Business World

Friday 15 November 2019

Euronext market wins new 'SME growth' status

Stephane Boujnah, CEO and chairman of Euronext. Photo: Bloomberg
Stephane Boujnah, CEO and chairman of Euronext. Photo: Bloomberg
Ellie Donnelly

Ellie Donnelly

Euronext Growth, a market specifically designed for small and medium-sized enterprises (SMEs), has been registered as an 'SME Growth Market' in Ireland, Belgium, France and Portugal.

Under this status, Euronext Growth listed companies will gain from simplified market processes in two key areas of legislation: the prospectus regulation and market abuse regulation.

Among the benefits will be the requirement for lighter prospectuses at both initial and subsequent admissions to the exchanges. This will in turn reduce workloads and facilitate issuers' capacity to raise funds on capital markets.

In addition, issuers listed on an SME Growth Market benefit from a lighter insider list disclosure regime.

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For investors, these factors will materialise into more attractive opportunities to invest in SME shares and bonds, according to Euronext.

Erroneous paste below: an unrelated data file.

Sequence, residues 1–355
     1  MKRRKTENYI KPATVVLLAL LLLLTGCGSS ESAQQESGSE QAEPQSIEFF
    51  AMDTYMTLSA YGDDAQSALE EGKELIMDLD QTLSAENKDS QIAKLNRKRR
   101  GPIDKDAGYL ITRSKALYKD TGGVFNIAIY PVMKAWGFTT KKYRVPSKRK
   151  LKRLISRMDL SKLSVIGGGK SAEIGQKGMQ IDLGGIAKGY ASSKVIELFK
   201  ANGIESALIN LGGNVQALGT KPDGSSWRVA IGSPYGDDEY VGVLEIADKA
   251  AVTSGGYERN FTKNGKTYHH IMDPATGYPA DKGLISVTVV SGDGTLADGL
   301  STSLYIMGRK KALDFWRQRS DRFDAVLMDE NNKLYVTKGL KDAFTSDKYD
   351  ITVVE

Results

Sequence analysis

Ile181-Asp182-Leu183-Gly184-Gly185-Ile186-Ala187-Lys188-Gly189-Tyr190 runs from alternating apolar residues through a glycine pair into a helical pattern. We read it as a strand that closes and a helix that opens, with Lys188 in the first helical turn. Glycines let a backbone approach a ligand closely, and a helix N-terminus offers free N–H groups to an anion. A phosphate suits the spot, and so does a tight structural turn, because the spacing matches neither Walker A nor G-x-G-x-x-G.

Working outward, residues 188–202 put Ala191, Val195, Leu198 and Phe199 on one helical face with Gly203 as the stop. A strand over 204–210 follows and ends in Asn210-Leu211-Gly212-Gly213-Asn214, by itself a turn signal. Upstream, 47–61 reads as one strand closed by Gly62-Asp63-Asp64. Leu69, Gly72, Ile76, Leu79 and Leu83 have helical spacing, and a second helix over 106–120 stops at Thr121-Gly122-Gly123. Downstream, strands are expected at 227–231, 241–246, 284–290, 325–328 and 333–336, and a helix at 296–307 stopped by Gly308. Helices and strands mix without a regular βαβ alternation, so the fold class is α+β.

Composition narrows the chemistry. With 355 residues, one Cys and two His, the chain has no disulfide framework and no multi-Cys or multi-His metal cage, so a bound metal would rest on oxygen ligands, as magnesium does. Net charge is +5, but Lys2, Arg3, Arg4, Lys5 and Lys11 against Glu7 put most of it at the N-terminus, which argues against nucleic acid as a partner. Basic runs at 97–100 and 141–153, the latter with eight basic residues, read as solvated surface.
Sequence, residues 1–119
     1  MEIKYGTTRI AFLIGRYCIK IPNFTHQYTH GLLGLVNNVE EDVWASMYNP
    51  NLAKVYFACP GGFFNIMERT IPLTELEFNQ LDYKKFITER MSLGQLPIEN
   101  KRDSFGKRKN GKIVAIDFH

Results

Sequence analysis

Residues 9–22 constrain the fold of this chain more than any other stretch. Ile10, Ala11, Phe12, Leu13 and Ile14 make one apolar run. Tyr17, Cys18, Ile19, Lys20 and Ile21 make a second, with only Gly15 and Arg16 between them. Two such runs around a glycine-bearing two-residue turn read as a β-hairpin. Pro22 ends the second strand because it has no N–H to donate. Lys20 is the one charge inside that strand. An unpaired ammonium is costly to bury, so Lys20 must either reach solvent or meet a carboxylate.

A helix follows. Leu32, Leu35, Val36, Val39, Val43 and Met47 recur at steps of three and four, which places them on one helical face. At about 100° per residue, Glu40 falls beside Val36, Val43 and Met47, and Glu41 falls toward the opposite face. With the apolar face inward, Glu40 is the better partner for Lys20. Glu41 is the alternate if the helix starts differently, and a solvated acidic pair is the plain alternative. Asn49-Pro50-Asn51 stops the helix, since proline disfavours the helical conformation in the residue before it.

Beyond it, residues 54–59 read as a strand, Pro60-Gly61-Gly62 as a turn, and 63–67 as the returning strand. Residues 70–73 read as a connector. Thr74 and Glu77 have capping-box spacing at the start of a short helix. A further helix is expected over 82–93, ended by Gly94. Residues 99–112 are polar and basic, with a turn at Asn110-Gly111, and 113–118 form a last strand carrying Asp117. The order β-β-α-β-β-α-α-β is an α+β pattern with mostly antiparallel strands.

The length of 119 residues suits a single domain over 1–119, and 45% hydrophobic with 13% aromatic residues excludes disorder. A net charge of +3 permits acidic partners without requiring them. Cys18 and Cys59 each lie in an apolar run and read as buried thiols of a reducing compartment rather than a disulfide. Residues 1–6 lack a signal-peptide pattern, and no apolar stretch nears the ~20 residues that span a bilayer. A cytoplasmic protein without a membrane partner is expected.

Stephane Boujnah, CEO and chairman of Euronext, said: "Becoming an SME Growth Market will further equip Euronext Growth with the necessary tools to raise the profile and visibility of listed SMEs."

He said it would strengthen Euronext's ambition "to forge a harmonised market".

In 2017, Euronext acquired the Irish Stock Exchange in what was a €137m deal, ending 224 years of independence for the Dublin exchange. While it is best known as a share exchange for domestic listed companies, the ISE was ranked as the world's number one venue for bond and investment fund listings.

The market in Dublin is currently made up of 48 companies, with a combined capitalisation of €145bn. However, most Irish SMEs raise funds via bank loans, rather than through the capital markets.

The Dublin listing rules, unlike those of continental European markets, are extremely similar to London's. The ease of shifting listings from London to Dublin has been demonstrated by the first Brexit 'refugee', UK software firm Scisys, which last year moved to Euronext Dublin to ensure continued access to European space exploration, defence and media contracts.

Meanwhile, in the past five years, around 300 small firms have listed on the various Euronext markets.

While its regulated market is mainly dedicated to larger firms, Euronext Growth is less onerous on businesses and is mainly geared toward SMEs.

Irish Independent

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